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“…Microsoft Surface tablet runs Windows 8 Pro and Windows RT
There will be two Surface models, one running Windows 8 Pro and one running Windows RT. The Surface RT processor will be an ARM one and the Surface Pro processor will be Intel. The Pro model will be more powerful, with a higher resolution and a slightly chunkier case.
The Microsoft Surface specifications are quite nifty
The Windows RT model weighs 676g, is 9.3mm thin and comes with what Microsoft calls a 10.6″, 16:9 ClearType HD display. The battery’s a 31.5W-h model, you can choose between 32GB and 64GB of on-board storage, and connectors include MicroSD, USB 2.0, Micro HD VIdeo and 2×2 MIMO antennae for better WiFi performance. The processor hasn’t been named but the smart money’s on a Tegra 3.
The Pro model is heavier – 930g - and thicker – 13.5mm – to make room for an Intel Ivy Bridge i5 processor. This time the ClearType display is “Full HD”, which implies 1920×1080 resolution. The battery’s bigger too, at 42W-h, and the connectors include MicroSDXC, USB 3.0, Mini DisplayPort and the same antennae. Storage options for the big Surface are 64GB and 128GB.
Both tablets have twin cameras, stereo speakers and dual microphones tuned for Skype, and their cases are made of VaporMg, a magnesium alloy that’s very light and strong.
The Surface tablet also includes an integrated kickstand to prop up your tablet when you’re watching video.
The Surface Pro tablet has a pen
The Windows 8 Pro Surface tablet supports pen input at 600dpi resolution, and there’s a palm block so you don’t lose focus when your palm touches the screen. The pen can be used just like a real one, with digital ink annotating documents or filling in forms.
The Windows RT Surface includes Microsoft Office
Microsoft Home and Student 2013 RT is pre-installed on the Windows RT Surface tablet.
Both Surface tablets have a touch cover and a type cover
Microsoft has come up with a brilliant idea: a protective cover that doubles as a pressure sensitive multi-touch trackpad and keyboard and that attaches magnetically. If you’d rather have a chiclet keyboard, there’s one of those too: an ultra-thin one that, while it’s naturally a bit thicker than the touch one (5mm compared to 3mm), still doesn’t add too much bulk to the device.
The keyboards have built-in accelerometers, which mean they can tell when you fold them back over the screen: when you do, they stop drawing power. When you compare them to the kinds of keyboard docks we’ve seen for other tablets, such as Asus’s Transformers, they’re clearly remarkable bits of engineering.
The Microsoft Surface price will be competitive
Microsoft’s keeping its cards close to its chest with this one: while it promises that both the Windows RT and Windows 8 Pro Surface tablets will be priced competitively with rival devices, it doesn’t say which rival devices, let alone commit to a price range. We’d expect prices to be similar to high-end Android tablets and, of course, the iPad, even if that means making a loss: as we know from the Xbox, Microsoft isn’t afraid to lose money for a long time if that’s what it takes to build market share.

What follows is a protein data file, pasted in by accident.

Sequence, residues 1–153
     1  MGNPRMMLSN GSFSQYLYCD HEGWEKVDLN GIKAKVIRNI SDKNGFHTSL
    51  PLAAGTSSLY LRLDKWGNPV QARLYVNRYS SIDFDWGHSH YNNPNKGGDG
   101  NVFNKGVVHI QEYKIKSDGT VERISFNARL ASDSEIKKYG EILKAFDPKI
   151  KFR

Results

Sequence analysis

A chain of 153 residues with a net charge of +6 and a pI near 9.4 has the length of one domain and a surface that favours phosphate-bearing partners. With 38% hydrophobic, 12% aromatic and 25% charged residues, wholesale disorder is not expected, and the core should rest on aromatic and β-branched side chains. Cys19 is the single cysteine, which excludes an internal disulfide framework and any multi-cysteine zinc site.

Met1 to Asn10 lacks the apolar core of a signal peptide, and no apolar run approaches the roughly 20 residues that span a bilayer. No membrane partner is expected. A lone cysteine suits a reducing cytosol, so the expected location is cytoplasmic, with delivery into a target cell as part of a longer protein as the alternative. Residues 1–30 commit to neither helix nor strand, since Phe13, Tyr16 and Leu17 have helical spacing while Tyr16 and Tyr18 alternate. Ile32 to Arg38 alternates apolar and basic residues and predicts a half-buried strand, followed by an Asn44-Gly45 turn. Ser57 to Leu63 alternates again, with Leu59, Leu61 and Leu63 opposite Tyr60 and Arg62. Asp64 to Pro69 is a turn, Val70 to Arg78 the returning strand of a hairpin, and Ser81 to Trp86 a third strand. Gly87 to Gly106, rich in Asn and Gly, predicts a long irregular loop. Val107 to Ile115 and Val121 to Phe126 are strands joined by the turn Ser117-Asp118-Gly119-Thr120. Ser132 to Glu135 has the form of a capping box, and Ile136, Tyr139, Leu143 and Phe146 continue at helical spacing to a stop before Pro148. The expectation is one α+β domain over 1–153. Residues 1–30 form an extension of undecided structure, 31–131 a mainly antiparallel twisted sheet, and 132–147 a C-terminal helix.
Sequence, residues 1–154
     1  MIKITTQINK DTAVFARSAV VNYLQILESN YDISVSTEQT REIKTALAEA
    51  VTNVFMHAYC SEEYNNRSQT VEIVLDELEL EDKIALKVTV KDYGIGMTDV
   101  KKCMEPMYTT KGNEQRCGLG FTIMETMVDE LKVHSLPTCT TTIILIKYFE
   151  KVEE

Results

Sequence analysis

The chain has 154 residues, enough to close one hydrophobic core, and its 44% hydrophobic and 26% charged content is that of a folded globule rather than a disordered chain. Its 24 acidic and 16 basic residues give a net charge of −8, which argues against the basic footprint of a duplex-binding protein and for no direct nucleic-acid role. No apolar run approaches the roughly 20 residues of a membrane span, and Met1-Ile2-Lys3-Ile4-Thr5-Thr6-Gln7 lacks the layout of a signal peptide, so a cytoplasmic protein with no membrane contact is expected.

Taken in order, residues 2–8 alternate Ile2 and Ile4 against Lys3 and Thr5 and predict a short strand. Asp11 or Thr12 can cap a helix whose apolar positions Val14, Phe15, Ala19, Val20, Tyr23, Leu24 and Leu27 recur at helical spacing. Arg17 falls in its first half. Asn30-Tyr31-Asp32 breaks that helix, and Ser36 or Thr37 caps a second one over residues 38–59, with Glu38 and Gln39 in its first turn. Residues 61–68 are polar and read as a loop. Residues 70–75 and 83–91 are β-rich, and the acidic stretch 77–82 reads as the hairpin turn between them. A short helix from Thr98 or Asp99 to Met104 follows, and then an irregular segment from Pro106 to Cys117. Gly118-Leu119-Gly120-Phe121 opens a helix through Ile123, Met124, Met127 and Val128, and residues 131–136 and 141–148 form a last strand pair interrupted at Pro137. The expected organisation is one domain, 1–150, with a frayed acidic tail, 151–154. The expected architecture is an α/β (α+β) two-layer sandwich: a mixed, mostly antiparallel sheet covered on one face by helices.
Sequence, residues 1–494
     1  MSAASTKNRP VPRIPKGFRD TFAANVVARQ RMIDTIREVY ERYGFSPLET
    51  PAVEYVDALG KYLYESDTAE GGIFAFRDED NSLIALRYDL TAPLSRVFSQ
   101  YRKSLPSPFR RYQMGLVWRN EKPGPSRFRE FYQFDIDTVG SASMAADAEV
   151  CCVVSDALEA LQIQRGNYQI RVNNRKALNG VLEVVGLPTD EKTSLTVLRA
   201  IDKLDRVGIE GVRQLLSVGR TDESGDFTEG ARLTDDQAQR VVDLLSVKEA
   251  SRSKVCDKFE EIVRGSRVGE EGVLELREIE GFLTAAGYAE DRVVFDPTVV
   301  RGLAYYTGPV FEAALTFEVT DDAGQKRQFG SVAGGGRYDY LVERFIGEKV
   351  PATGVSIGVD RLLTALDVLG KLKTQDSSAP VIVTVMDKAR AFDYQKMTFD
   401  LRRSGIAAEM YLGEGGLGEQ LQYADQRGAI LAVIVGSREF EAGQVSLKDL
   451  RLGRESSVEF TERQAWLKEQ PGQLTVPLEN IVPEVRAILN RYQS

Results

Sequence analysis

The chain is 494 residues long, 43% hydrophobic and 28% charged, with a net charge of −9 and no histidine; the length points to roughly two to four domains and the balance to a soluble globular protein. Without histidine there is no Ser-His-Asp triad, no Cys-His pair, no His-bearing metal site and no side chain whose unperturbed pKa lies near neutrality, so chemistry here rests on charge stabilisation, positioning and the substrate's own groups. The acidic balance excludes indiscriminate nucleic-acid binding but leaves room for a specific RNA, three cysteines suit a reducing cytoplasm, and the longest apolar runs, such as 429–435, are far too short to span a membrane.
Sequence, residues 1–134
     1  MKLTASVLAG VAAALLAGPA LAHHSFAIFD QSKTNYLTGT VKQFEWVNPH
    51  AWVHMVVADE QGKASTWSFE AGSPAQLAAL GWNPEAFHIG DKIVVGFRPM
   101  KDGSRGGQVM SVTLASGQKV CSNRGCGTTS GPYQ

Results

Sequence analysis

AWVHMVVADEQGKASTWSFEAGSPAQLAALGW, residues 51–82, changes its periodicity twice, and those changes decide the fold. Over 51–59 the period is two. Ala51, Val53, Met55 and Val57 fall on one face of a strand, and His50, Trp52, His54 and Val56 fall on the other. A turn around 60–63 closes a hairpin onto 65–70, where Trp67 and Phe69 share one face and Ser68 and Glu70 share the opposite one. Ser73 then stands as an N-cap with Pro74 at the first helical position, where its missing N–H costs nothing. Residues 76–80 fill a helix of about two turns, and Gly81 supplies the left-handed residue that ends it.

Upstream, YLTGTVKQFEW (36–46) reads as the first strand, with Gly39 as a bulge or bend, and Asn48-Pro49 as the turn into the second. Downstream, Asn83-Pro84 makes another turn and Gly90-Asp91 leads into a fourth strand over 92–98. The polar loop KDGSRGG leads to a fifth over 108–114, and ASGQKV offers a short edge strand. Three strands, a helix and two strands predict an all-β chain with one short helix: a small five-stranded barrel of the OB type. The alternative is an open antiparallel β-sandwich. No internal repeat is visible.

The Microsoft Surface release date isn’t imminent
The RT Surface tab is due to be released “this fall”, with the Surface Pro shipping roughly 90 days later.
The Surface tablets will have Xbox integration and SmartGlass
Microsoft’s twin-screen SmartGlass is an obvious feature for the Surface tablets, and Microsoft says it’s coming alongside Xbox integration.
Surface is designed to give Microsoft’s partners a poke
Microsoft normally lets OEMS (Original Equipment Manufacturers) do the hardware stuff, so Surface is something of a departure from the normal PC business. It’s a tacit admission that sometimes, PCs are crappier than they ought to be: as Mary Branscombe explains, “Not only does Surface deliver hardware innovations that the OEMs can’t turn around and put on their Android tablets; it also take advantage of the hardware experts at Microsoft and their 3,200 hardware patents and lets Microsoft deliver the PC it thinks Windows 8 will run best on, not a PC maker’s interpretation of that.”
It’ll be interesting to see how Microsoft’s OEM partners react to that: can Microsoft be their best pal as well as their biggest rival? …”
7 reasons Microsoft’s new tablet could worry Apple
By Erik Sherman
“…There are skeptics aplenty, including Stephen Chapman at ZDNet, MoneyWatch’s sister site. Skepticism is necessary and healthy, as this would be far from a cakewalk for Microsoft. But if you’re trying to understand where computing is headed, cynicism would be dangerous. Microsoft has many strengths that could help, and Apple knows it. Here are seven things that Tim Cook is likely weighing.
Apple is the king of consumer electronics, no question. But even with its again growing use in corporations, Microsoft has an establishment in corporate computing that is remarkable. From the operating system on the vast majority of desktops to software that is pervasive, including databases, Office, major corporate applications, and middleware, the company is there, no matter where you turn.